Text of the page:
What a tragedy!
In London in the 1950s, Soros was a student of the expatriated Austrian philosopher Karl Popper, who championed the notion of an “open society,” in which individual liberty, pluralism and free inquiry prevailed. Popper’s concept became Soros’s cause.
With Putinism and Orbanism on the rise and the 30th anniversary of the fall of the Berlin Wall approaching, there is renewed debate about the import of the events of 1989 and whether Russians, Poles and Hungarians really intended to embrace the full menu of Western liberal values. Francis Fukuyama is among those who have doubts today. “There’s now a lot of evidence that a lot of that turn toward liberal democracy in the early days, after the fall of the Berlin Wall, really was driven by a kind of educated, very pro-Western elite,” he told me recently. But less-educated people who lived outside large urban areas “didn’t really buy into liberalism, this idea that you could actually have a multiracial, multiethnic society where all these traditional communal values would have to give way to gay marriage and immigrants and all this stuff. That they definitely did not buy into.”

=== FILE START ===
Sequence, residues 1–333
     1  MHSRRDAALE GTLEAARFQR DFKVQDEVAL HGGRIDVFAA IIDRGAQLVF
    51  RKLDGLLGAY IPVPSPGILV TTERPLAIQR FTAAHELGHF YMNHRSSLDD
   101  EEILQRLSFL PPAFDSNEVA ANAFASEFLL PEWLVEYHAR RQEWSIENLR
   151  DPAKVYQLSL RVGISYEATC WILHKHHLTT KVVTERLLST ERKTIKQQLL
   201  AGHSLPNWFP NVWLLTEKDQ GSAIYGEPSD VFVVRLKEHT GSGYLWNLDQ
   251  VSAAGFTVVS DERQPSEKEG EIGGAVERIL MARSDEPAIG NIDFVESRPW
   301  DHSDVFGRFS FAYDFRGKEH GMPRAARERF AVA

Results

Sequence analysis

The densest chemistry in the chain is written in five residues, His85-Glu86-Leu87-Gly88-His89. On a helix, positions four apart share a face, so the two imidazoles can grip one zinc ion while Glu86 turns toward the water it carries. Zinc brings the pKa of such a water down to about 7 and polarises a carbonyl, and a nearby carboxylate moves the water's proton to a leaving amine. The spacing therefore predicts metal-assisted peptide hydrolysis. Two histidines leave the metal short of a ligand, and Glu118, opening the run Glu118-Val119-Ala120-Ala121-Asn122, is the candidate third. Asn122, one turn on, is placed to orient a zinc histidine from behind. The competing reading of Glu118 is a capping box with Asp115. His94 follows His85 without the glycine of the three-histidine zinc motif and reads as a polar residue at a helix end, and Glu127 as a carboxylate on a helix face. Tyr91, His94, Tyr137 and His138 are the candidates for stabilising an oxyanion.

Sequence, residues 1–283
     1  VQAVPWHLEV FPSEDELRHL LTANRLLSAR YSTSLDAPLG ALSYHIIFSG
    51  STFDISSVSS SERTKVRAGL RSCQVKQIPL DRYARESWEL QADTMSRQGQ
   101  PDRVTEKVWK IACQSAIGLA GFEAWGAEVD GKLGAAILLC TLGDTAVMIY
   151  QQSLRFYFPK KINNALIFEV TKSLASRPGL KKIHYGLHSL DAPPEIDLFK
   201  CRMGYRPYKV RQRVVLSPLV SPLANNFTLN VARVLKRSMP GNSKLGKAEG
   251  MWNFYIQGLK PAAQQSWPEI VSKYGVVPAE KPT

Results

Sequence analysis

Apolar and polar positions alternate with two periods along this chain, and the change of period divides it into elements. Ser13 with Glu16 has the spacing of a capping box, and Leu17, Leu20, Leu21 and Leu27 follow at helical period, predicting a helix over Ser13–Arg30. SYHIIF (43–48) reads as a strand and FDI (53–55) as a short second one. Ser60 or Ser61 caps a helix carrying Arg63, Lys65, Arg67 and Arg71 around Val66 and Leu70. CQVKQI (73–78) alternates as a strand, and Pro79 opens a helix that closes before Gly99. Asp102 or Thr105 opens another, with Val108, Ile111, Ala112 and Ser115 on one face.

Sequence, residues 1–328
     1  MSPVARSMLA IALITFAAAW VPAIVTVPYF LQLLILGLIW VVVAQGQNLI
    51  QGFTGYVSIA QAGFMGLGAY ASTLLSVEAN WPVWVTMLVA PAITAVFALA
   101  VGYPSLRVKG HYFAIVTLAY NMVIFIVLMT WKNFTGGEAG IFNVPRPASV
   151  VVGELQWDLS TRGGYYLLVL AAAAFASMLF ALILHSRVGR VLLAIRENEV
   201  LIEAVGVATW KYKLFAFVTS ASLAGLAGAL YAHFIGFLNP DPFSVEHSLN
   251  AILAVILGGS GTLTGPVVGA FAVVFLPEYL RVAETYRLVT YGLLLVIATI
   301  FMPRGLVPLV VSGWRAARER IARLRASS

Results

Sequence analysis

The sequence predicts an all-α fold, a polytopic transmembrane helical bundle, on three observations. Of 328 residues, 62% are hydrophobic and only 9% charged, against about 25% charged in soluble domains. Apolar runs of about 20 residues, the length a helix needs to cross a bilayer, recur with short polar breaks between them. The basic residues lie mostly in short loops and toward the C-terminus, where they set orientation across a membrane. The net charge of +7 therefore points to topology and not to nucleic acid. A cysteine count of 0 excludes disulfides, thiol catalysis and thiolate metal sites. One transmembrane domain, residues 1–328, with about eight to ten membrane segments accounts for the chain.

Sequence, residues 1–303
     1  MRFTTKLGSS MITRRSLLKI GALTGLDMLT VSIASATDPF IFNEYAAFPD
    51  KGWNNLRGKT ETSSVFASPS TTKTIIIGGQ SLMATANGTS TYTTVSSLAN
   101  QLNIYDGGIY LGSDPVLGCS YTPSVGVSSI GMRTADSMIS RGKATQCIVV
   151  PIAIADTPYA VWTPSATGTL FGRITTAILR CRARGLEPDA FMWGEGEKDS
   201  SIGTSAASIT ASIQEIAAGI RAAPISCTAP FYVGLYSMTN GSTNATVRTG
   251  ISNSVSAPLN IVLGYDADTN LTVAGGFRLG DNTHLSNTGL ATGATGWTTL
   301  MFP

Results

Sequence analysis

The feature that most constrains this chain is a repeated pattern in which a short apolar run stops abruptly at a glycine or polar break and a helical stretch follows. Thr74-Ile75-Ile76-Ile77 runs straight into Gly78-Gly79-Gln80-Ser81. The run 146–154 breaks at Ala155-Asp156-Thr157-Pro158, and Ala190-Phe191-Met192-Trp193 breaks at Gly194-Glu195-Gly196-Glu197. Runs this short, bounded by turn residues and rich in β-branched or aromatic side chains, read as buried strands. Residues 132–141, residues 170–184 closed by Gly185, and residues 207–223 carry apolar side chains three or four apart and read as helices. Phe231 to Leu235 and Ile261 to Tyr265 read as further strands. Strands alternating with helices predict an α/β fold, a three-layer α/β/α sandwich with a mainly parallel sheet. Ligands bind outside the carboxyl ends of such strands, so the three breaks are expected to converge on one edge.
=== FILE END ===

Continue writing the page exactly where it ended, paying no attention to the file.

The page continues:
In his annual state-of-the-world speech in Davos this year, Soros said Trump “would like to establish a mafia state, but he can’t, because the Constitution, other institutions and a vibrant civil society won’t allow it.” He also characterized Trump as a “purely temporary phenomenon that will disappear in 2020, or even sooner,” and predicted a Democratic landslide in the 2018 midterm elections. Five months on, he was sticking by those predictions. “For every Trump follower who follows Trump through thick and thin, there is more than one Trump enemy who will be more intent, more determined,” Soros told me. He is doing his part to shorten the Trump era: In advance of the midterm elections, Soros has so far contributed at least $15 million to support Democratic candidates and causes.
His 32-year-old son Alex Soros dropped this gem:
[…]Alex told me that for many years, his father had not been eager to advertise his Judaism because “this was something he was almost killed for.” But he had always “identified firstly as a Jew,” and his philanthropy was ultimately an expression of his Jewish identity, in that he felt a solidarity with other minority groups and also because he recognized that a Jew could only truly be safe in a world in which all minorities were protected. Explaining his father’s motives, he said, “The reason you fight for an open society is because that’s the only society that you can live in, as a Jew — unless you become a nationalist and only fight for your own rights in your own state.”
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